Giro d’Italia: 5 riders who should go in the breakaway on stage 19

Possible last chance for the escapees, but who will be in the move?

Clock07:07, Friday 24th May 2024
Georg Steinhauser was the last rider to taste success from the breakaway on stage 17 of the Giro d'Italia

© Getty Images

Georg Steinhauser was the last rider to taste success from the breakaway on stage 17 of the Giro d'Italia

By the looks of it, Friday’s stage 19 of the Giro d’Italia should offer one last chance for the breakaway to survive and contest the stage, with the GC riders – hopefully – saving themselves for one final blow-out battle on Monte Grappa on Sunday.

This means that it’s probably also the last chance for any rider who isn’t a GC climber or sprinter to get a win. As such, there’s likely to be a big battle for the breakaway, and probably a large group that eventually gets away. Many teams will be looking at Friday as their last opportunity to win and save their Giro – only nine teams have won in this race so far, meaning 13 are three days away from leaving without a victory.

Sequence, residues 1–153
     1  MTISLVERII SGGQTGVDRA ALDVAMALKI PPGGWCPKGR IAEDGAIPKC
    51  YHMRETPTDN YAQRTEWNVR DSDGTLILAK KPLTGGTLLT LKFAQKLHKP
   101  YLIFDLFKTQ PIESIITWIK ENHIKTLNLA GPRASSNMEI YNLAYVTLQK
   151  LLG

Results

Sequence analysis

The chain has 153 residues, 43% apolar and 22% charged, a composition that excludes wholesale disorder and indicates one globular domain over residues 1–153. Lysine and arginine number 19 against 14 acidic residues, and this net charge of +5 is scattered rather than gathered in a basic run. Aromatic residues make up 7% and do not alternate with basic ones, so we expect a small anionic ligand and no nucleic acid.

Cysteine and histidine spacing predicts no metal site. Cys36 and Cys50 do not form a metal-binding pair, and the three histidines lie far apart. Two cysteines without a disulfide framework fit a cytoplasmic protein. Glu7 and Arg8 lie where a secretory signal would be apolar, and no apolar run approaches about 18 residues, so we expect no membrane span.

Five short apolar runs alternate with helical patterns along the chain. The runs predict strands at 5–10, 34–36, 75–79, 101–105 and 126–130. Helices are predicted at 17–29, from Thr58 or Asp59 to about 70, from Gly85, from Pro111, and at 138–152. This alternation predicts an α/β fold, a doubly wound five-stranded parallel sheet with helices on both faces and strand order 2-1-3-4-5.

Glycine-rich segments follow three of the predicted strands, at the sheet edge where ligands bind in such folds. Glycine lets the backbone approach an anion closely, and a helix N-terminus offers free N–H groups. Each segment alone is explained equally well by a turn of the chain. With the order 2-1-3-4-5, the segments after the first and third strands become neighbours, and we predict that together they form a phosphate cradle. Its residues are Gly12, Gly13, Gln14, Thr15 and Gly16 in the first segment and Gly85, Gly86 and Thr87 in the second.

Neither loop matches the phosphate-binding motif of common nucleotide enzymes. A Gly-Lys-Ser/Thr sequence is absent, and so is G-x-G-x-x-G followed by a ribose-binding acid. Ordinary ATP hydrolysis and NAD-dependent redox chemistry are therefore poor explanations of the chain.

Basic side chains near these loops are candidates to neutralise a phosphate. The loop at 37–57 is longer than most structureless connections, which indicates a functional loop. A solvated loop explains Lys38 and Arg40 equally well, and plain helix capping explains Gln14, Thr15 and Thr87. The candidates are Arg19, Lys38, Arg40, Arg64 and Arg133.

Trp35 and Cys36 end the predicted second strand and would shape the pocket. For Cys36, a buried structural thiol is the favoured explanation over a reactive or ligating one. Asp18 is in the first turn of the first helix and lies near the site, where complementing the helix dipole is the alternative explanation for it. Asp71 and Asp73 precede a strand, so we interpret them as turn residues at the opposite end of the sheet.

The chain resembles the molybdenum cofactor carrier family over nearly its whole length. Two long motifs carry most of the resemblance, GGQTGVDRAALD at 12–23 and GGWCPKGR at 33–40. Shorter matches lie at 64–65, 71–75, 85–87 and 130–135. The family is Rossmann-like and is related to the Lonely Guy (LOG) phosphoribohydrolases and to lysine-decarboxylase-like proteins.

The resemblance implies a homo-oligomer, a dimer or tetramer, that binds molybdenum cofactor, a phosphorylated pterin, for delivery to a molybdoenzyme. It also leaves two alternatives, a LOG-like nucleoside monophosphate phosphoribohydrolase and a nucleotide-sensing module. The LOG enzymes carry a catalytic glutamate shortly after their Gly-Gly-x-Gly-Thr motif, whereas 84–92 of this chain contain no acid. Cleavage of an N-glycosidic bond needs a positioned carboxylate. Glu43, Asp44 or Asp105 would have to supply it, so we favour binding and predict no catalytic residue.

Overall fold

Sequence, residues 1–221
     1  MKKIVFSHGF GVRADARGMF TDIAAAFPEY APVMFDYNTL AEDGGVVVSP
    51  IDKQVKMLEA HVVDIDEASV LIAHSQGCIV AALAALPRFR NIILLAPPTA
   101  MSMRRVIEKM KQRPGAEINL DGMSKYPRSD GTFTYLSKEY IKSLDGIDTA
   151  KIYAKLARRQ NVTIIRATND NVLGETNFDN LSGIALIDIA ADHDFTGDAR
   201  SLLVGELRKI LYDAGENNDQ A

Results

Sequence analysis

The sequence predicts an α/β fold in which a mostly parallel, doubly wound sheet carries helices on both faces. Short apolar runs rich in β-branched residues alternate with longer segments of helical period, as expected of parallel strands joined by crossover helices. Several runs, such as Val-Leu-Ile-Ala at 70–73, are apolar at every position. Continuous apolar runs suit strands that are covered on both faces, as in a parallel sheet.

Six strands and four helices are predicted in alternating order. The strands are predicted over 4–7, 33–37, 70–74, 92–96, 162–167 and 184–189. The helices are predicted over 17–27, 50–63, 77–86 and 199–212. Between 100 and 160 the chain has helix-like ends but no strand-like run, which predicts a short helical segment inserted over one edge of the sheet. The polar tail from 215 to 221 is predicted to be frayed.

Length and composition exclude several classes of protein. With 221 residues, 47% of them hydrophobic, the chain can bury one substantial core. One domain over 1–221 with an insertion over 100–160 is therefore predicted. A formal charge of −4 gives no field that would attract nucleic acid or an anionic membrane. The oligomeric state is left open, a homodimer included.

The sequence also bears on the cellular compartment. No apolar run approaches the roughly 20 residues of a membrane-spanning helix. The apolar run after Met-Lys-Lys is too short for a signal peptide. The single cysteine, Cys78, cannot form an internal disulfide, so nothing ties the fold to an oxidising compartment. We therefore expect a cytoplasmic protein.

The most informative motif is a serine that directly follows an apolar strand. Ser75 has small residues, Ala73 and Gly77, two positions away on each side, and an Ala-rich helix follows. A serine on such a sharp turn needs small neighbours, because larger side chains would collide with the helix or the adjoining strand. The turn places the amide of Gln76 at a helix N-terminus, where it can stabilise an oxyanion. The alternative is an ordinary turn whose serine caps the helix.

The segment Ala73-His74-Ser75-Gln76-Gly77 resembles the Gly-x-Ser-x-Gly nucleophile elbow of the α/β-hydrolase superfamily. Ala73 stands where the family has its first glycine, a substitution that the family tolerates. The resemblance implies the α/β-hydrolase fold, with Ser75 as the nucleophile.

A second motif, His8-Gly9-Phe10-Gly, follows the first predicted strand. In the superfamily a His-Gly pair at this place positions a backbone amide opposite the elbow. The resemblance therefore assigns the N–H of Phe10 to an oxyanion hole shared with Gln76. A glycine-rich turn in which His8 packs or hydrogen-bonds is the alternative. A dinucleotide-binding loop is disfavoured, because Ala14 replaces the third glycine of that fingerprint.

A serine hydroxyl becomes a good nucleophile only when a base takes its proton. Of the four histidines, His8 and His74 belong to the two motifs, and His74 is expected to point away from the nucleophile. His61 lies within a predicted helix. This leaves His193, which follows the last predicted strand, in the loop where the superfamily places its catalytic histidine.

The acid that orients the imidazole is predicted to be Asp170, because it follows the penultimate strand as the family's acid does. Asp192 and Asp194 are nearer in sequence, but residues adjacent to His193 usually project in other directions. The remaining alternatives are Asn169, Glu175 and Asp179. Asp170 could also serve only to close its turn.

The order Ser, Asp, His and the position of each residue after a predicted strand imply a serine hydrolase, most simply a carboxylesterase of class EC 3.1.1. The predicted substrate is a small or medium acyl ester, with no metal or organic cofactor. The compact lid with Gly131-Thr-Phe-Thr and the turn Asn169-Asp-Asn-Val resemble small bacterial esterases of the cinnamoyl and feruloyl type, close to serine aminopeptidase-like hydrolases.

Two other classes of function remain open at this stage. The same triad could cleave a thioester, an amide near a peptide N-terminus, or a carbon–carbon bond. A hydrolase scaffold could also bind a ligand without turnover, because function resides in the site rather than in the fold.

The stage itself is a tough one, finishing on the flat, but that comes at the top of the 10.7km Cima Sappada, the last of three categorised climbs in the final 60km. This will make for a testing final part of the stage, and should mean it’s a climber who wins, though don’t be surprised to see more all-round breakaway type riders among the escapees.

It’s something of a lottery concerning who will get in the break, with a good chunk of the peloton trying to be there. But who really should be there, or who needs to be there? Here are five riders we think will be in the move on Friday.

Read more: The GC standings at the Giro d'Italia

Michael Valgren (EF Education-EasyPost)